Britons set to dispense with 67m items of clothing after lockdown
Britons are set to dispense with 67m items of clothing after lockdown with two in five of us having used the time to carry out a wardrobe clear-out.
According to a study by WRAP, Citizen Insights: Textiles and COVID-19 Survey, many people intend to donate their unwanted items to charity shops (49%), use a charity bag collection service (17%) or they will use local authority recycling points, which are all braced for an influx.
Data reported to WRAP for the study suggested that the equivalent to 184 million textile items had been cleared out, and the majority (57%) are still at home to be disposed of as lockdown ends. The most common textile items the public sorted out during lockdown are clothes (37%) – particularly t-shirts, blouses, jumpers, hoodies and sweaters.
People have also spent time sorting through their unwanted shoes (19%), bedding (12%), bags and handbags (10%), accessories (10%) and household textiles (10%).
WRAP estimates that 67m items of clothing and 22m pairs of shoes are destined to be donated or recycled.
At the higher end of the market, the move could also see a boost for the resale and rental market, which was experiencing high growth before lockdown. At the height of lockdown in April, Vestiaire Collective, the global platform for pre-owned fashion, completed a €59 million round of financing, saying the COVID-19 crisis was accelerating the shift to circular fashion business models.
However people choose to dispose of their clothing, WRAP is urging, through its Love Your Clothes campaign, that it is done responsibly.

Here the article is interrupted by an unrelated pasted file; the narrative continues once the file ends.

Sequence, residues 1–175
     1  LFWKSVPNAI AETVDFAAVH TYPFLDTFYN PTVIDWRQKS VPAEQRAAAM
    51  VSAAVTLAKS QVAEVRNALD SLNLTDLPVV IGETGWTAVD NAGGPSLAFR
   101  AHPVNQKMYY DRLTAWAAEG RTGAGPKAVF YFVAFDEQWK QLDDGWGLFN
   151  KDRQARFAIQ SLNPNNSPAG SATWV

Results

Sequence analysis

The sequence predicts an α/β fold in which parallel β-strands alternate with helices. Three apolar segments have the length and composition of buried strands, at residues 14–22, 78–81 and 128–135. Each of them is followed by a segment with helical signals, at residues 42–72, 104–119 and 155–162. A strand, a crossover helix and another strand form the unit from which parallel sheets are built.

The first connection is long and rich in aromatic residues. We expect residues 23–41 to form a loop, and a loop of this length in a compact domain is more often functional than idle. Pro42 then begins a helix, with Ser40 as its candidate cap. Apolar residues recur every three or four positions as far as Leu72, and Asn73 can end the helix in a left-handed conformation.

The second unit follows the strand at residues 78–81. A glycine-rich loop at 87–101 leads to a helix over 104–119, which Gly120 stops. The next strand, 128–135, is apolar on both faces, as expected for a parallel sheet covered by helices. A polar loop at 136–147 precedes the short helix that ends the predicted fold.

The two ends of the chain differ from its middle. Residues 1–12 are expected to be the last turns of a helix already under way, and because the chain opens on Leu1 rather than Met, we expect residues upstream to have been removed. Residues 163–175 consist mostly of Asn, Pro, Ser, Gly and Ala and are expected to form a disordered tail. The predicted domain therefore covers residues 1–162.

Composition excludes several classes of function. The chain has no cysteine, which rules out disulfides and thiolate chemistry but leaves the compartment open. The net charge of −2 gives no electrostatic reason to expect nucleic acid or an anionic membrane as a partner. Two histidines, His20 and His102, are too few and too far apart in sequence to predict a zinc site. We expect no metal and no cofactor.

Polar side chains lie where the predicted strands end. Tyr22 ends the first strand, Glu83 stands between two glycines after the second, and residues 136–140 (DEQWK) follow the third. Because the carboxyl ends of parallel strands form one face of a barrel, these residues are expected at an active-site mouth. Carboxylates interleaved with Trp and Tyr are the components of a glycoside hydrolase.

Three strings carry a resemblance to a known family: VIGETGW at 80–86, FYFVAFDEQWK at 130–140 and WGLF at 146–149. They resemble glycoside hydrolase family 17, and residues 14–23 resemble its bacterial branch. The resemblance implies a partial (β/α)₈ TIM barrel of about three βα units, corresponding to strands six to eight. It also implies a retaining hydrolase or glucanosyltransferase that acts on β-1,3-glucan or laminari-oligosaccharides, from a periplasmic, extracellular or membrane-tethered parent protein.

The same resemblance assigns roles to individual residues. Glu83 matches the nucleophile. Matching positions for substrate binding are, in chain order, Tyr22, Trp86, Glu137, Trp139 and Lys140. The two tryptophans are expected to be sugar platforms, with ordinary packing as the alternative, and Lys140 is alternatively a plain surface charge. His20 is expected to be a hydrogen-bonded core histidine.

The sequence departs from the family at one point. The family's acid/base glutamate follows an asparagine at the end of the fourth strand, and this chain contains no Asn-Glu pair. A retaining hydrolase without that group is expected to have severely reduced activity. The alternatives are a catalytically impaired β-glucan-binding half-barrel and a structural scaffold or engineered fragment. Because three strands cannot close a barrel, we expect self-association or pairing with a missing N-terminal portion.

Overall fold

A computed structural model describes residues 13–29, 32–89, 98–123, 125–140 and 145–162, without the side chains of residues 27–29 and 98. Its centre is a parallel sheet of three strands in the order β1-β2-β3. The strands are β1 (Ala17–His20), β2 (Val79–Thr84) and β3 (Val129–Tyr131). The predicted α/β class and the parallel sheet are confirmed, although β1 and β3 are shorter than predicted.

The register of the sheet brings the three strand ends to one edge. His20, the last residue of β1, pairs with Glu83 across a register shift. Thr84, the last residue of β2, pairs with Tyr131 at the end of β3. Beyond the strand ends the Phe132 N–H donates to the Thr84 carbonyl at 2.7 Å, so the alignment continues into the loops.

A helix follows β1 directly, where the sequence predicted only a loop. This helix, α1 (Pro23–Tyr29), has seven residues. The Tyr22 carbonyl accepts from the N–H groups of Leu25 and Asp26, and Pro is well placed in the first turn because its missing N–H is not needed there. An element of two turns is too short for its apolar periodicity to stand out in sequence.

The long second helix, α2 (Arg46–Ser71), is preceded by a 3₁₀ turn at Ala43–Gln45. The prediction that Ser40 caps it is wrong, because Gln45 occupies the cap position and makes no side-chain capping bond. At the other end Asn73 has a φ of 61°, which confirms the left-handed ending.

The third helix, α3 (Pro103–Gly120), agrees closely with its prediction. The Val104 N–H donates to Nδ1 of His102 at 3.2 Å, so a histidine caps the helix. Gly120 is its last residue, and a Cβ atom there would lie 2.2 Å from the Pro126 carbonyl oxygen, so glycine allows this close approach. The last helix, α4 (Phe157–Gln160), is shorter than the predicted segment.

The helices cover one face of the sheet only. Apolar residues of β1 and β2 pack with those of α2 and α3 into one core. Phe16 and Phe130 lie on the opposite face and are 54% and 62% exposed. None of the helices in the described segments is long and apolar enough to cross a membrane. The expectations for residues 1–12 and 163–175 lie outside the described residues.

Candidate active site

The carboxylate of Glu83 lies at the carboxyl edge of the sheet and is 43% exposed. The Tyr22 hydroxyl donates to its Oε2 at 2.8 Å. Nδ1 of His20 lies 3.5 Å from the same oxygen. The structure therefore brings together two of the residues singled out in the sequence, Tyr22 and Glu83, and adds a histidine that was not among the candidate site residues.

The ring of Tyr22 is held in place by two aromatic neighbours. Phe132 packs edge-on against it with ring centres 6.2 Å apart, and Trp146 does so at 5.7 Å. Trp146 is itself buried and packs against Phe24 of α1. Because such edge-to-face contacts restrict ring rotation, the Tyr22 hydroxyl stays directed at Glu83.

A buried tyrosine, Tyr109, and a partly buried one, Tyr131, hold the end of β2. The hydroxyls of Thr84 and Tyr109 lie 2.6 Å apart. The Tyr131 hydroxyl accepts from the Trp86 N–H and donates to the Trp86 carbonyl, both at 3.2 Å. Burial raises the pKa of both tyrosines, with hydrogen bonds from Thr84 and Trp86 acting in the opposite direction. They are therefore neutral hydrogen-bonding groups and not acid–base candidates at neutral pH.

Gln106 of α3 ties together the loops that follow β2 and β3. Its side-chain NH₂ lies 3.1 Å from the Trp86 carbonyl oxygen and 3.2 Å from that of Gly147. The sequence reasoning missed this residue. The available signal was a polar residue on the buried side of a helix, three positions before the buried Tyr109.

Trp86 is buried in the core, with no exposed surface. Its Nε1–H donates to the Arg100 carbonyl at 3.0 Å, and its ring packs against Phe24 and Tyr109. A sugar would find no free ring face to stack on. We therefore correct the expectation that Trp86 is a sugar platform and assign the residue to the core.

Peter Maddox, Director, WRAP said: “We have been working with organisations from across the sector to prepare for when they reopen and the expected high levels of donations coming in, over a relatively short time period. Everyone can play a role in supporting the charity and textile reuse and recycling sector. Our insights tell us that most people prefer to donate or recycle unwanted clothes, but with an unprecedented volume about to be unleashed it’s important that we all take a few simple steps so not to overwhelm the sector.
“Whether you’re using a charity shop, textile bank, retail take-back scheme or kerbside collections the golden rule is to check they’re operating before you go. Call ahead or look online – check with your local authority – but please never leave clothes in front of a closed charity shop or a full textiles bank. Our Love Your Clothes campaign has more details to help anyone, anywhere in the UK, by showing where you can recycle clothes where you live.”
WRAP’s survey also found that the proportion of people concerned by the environmental impacts of clothing, and actively committed to stopping clothing waste, has risen from 31% of the population in 2017, to 50% by 2020.
Despite this, as many as 14% of people will dispose of their unwanted clothes in the general rubbish; and of those who’ve already cleared out their closets more than one in three (36%) used the general rubbish.
As well as sharing with the charitable and recycling section, WRAP is also sharing its findings with signatories to the Sustainable Clothing Action Plan 2020 Commitment to help support messaging by retailers and brands encouraging people to donate textiles through in-store collections, which are an often-underused route for recycling clothing.